Whales in the Whitsundays

Whales in the Whitsundays

Witnessing the majesty of whales off the coast of Camp Island in the Whitsundays is an awe-inspiring experience that leaves visitors breathless. Between July and August, humpback whales embark on their annual migration along the Queensland coast, passing by the Whitsunday Islands on their journey. As these gentle giants make their way through the crystal-clear waters, their sheer size and grace command attention against the backdrop of the Great Barrier Reef.

“The World Cetacean Alliance has formally designated the Whitsundays as a Whale Heritage Site following an active community program by Whales of the Whitsundays (WoW) which recognises the importance of our region for humpback whales to calve.”

With this official endorsement, the Whitsundays now proudly stands alongside Hervey Bay as one of Australia’s recognized Whale Heritage Sites, solidifying its worldwide importance in marine conservation endeavors.

Camp Island, the 2nd most northerly Whitsunday island, offers a perfect vantage point to observe these magnificent creatures in their natural habitat.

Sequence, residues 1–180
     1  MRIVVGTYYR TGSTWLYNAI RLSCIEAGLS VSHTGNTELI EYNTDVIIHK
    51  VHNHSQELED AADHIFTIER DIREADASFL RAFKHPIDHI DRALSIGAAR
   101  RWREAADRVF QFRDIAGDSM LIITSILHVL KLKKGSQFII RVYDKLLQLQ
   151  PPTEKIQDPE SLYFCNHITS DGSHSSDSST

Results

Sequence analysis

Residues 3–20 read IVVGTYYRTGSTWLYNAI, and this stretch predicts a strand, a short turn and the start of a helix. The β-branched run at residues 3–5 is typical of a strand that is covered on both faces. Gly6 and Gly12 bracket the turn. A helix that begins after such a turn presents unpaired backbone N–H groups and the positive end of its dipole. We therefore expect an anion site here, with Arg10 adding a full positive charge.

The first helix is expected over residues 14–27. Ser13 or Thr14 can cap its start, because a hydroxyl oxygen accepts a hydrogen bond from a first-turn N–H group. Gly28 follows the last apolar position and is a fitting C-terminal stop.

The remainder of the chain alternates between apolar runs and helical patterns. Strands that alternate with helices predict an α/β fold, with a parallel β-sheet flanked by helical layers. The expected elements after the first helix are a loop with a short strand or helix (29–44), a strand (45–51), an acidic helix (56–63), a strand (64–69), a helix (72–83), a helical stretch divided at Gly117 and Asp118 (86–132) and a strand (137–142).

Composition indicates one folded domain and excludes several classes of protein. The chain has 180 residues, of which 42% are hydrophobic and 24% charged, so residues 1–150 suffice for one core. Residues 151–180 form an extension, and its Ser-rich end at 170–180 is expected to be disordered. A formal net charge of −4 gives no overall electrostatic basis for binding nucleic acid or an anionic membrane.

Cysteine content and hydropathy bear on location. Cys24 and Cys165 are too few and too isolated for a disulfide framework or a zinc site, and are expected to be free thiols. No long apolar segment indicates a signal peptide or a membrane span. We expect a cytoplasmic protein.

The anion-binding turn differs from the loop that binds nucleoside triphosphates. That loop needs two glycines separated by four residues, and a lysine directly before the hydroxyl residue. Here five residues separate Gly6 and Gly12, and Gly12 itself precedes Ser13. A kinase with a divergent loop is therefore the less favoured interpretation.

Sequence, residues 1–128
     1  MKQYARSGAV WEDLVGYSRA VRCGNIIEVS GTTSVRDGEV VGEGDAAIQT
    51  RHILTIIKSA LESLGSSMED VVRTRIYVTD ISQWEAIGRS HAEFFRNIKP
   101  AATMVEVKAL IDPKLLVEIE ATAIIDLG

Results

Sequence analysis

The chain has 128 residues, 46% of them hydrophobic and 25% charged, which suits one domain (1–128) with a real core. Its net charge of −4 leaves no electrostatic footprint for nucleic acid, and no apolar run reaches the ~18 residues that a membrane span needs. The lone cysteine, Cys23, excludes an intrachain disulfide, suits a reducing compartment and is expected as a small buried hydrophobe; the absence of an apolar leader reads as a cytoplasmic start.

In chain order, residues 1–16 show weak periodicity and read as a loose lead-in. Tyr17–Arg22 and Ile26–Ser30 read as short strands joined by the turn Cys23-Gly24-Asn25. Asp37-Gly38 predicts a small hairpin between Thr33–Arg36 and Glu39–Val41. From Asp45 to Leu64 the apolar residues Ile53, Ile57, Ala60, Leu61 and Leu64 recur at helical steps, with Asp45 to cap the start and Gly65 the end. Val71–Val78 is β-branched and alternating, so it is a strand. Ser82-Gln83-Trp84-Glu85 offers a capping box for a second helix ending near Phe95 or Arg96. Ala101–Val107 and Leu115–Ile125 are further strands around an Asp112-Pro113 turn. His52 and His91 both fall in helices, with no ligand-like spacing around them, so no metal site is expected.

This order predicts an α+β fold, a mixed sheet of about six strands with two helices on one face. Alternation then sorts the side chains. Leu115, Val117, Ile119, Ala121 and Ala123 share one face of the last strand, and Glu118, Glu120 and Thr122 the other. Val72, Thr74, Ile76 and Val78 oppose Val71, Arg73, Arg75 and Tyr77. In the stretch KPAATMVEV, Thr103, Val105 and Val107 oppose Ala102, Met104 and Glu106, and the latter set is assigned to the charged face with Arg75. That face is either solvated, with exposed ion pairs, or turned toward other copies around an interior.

For those fortunate enough to encounter these marine marvels, the experience is truly unforgettable. The sight of a humpback whale breaching the surface, its massive body soaring gracefully before disappearing beneath the waves, is a moment that leaves a lasting impression. From the playful antics of calves to the mesmerizing songs of adult males, each encounter offers a glimpse into the fascinating world of humpback whales.

In our world's oceans, there are over 92 species of whales and dolphins. The Humpback Whale undertakes an awe-inspiring journey of over 3,000 miles from its feeding grounds in the frigid waters of Antarctica to the inviting, vibrant waters of the Great Barrier Reef. This migration occurs between June and October, making the Humpback a celebrated symbol along the East Australian coastline.

Every year, female Humpback Whales journey to the Whitsundays either to breed or to give birth. Their gestation period lasts 11-12 months, and once every 2-3 years, they deliver a single live calf.

Alongside the humpback whale, the Dwarf Minke Whale also migrates through the protected waters of the Whitsunday Islands. Discovered only in the mid-1980s, their passage through the Great Barrier Reef remains the world's sole predictable aggregation. These whales spend most of their adult lives pregnant, giving birth to a single calf each year after a 10-month gestation period. Remarkably, newborns enter the world at the size of a baby giraffe.

For nature lovers and adventure seekers alike, the opportunity to witness whales in their element off the coast of Camp Island is a highlight of any Whitsundays getaway.